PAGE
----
SIFA 2018: Robert Icke and Duncan Macmillan’s 1984 (Review)
SIFA 2018 opens on a chilling note with this dystopian modern classic.
Considered by many to be George Orwell’s magnum opus, 1984 has become the go to model for a dystopian world, a culmination of everything we should avoid becoming at all costs. Yet this is a warning the world seems to have forgotten to heed, as the chilling reality of a society plagued by surveillance and doublespeak seems to have pervaded our daily lives.
In Robert Icke and Duncan Macmillan’s Olivier Award nominated adaptation, 1984 is given a chillingly faithful staging, as the visceral, creeping terrors of the original novel come to life with smart staging and affecting performances. 1984 opens in murky darkness, as gothic bells chime thirteen times, already signalling something is amiss as the play begins. We’re thrust into a bizarre alternate world of 1984, a realm where televised exercise regimes tell you when you’re not trying hard enough, 2 +2 = 5 and your own sanity is determined by the state. A voiceover serves as our narrator, and there’s the creeping sensation that as we’re watching the play, we too are being watched ourselves. The lack of microphones and precise movements and choreography of the ensemble only adds to the realism and believability of the piece.
Chloe Lamford’s multifaceted set hides as many secrets as 1984’s Party does. What initially seems like a simple, wooden room has the ability to transform into a train cabin or a canteen, while the obtrusive screen hanging from the ceiling constantly plays disturbing videos by Tim Reid, displaying propaganda messages and never showing the whole picture. Natasha Chivers’ strobe lighting flashes and Tom Gibbons’ sound design is precisely programmed, working together to create disorientation in our own minds that makes it difficult to tell whether what we’re seeing is real or a figment of our own imagination. The sense that reality itself cannot be trusted, is furthered by the play’s many blink and you’ll miss it moments, as dark figures make fleeting appearances out of the corner of your eye, and before long, you’ll be unable to trust your own sight. It’s a play that’s as much spectacle as it is reliant on the little details, such as the precise repetition of the swoosh of a cloth and the removal of a tray three times, a multisensory image that ends up rooted in your memory, much like the mental reprogramming going on throughout the country.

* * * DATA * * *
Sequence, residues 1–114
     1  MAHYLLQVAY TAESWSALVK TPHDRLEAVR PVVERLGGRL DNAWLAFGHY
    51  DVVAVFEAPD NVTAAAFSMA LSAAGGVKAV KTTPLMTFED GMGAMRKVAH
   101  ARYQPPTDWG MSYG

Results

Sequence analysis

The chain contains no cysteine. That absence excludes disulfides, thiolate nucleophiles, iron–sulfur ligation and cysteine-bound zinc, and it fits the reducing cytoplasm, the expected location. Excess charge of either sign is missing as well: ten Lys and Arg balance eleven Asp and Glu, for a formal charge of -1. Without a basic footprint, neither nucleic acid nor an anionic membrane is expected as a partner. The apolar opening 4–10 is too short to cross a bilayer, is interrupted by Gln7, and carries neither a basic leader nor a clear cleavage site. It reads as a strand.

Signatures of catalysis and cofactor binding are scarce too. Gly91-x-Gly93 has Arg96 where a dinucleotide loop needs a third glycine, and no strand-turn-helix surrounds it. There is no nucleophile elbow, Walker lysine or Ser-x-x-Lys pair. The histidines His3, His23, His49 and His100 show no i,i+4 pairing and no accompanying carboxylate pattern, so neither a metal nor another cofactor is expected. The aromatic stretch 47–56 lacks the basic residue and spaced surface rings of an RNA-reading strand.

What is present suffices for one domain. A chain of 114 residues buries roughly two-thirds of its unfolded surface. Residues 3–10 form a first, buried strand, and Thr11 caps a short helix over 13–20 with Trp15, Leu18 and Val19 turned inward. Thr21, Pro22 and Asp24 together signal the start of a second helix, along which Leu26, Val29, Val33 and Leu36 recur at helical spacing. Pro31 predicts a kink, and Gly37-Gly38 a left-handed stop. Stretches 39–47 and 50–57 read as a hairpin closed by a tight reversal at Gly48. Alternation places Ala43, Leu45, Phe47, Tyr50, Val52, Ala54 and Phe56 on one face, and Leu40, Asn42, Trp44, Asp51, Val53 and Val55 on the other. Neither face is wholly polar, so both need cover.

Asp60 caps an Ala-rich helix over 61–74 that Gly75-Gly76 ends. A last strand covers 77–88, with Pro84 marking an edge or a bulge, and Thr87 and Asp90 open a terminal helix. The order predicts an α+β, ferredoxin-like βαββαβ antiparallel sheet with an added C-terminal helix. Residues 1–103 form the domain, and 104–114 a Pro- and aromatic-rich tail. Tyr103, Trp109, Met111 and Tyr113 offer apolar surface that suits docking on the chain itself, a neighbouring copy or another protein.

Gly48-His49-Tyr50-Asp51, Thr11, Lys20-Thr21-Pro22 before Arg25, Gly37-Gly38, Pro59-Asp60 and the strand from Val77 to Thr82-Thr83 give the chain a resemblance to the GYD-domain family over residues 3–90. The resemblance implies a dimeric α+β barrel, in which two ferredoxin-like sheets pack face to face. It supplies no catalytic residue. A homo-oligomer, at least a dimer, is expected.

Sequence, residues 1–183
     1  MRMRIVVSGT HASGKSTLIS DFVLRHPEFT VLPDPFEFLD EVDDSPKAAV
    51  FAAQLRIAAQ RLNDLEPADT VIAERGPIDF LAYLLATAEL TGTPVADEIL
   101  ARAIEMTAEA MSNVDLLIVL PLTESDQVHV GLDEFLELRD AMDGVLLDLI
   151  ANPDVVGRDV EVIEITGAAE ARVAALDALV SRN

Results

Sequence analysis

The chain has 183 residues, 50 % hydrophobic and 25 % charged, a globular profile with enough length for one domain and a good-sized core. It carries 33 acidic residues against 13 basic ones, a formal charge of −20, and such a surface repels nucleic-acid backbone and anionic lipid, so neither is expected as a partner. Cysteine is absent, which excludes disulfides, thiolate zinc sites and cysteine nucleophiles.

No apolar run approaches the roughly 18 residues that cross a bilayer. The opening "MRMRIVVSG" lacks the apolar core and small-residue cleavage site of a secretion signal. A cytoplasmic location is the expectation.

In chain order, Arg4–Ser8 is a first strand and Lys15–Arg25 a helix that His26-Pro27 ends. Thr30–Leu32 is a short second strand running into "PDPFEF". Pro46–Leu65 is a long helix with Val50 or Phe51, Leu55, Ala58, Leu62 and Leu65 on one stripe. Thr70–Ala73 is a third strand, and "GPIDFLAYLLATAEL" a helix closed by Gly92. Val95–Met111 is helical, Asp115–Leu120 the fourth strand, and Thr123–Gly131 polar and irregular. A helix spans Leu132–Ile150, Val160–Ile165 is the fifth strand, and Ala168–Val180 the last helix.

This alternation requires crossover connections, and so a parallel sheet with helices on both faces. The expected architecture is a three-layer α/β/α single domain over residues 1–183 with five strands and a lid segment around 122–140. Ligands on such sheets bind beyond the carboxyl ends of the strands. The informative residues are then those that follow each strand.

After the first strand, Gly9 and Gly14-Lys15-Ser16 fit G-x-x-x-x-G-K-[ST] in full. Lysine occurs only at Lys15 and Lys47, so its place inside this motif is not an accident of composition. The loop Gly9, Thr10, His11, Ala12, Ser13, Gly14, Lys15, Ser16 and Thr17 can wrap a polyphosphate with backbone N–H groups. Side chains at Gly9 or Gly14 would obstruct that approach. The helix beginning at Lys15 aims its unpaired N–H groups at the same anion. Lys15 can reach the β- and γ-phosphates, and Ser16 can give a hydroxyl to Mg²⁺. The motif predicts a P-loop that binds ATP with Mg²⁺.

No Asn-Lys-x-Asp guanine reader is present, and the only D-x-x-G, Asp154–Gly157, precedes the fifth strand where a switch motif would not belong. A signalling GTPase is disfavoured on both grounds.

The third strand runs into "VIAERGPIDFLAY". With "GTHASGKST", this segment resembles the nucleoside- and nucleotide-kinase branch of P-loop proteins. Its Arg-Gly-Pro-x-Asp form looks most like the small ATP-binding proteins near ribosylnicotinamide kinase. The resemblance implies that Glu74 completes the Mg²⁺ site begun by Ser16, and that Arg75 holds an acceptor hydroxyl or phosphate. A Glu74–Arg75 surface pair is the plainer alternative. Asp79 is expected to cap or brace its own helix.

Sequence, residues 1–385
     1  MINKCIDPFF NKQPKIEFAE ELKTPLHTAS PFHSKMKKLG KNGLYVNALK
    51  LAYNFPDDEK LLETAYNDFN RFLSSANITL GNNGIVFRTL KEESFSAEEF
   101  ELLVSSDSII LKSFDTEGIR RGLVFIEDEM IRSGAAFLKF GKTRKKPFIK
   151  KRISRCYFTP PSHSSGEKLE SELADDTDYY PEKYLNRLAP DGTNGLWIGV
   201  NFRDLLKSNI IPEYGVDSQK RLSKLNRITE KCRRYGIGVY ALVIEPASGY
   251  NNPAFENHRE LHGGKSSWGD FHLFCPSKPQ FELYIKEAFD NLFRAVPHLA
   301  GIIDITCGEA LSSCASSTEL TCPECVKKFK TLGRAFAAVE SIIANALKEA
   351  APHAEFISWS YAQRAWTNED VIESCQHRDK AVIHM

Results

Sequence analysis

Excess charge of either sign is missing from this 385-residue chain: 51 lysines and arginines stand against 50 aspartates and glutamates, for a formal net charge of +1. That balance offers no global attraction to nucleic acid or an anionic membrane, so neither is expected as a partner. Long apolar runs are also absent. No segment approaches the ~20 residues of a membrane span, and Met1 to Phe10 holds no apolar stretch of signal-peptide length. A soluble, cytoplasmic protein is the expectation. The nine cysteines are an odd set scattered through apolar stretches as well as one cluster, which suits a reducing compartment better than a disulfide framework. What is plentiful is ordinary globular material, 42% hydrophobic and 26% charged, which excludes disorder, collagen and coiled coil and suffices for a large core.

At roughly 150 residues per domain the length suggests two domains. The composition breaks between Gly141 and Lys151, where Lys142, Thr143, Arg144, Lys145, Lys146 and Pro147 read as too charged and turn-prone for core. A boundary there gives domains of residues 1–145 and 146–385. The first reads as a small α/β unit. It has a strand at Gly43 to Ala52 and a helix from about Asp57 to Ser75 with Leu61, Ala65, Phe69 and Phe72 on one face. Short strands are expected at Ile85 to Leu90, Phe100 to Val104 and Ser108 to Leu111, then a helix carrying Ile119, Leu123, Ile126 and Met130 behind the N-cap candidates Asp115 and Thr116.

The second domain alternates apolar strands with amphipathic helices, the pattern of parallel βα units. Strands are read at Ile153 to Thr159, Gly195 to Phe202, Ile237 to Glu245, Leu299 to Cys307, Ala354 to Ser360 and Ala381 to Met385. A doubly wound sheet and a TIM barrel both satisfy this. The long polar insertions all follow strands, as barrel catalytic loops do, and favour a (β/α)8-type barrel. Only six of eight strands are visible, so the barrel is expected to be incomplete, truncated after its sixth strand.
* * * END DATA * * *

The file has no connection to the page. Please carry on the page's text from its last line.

Like most star crossed love stories, there is no happy ending for protagonist Wilson (a valiant Tom Conroy) and fiery love interest Julia (Rose Riley). But in 1984, its impact is stronger than ever, as we place all our hopes on them to potentially save the world, yet in their failure to even trust each other, thrusts upon us a belief that all is well and truly lost. Terror reaches its pinnacle when Winston goes headfirst against antagonist O’Brien (a terrifying, unrelenting Terence Crawford), and everything comes crashing down in its climactic, visceral torture scenes. As we shift from blackout to bloody reveal, there was a distinct discomfort in the air, raised further still as the house lights came on midway, creating a sense of vulnerability in us when cover of darkness was lifted, and the keen awareness that we were completely visible and being watched. By the time Winston’s spirit is completely broken and thanks Big Brother for sparing his life, it’s hard not to feel an immense sense of despair at this once idealistic man, the fire in his eyes completely extinguished as the ominous 13 chimes sound again to end the play.
1984 is relentless in its staging, and never lets up on its intensity throughout its 2 hour, no intermission runtime, almost as if intended to push audiences to their physical and mental limits. It’s a show that truly puts one’s mettle and focus to the test, bringing us on a thought provoking journey into the very heart of society’s darkness. Bookended by a discussion set in 2050 on whether the events of the play are history or fiction, one realises that as extreme as the content of 1984 are, it’s ultimately the fact that we can no longer tell how much of it has seeped into our real lives that will have us keeping one eye open at night as we lie awake in fear.
Photo Credit: Andi Crown
Performance attended 26/4/18
1984 plays at the Esplanade Theatre from 26th – 29th April. Tickets available from SISTIC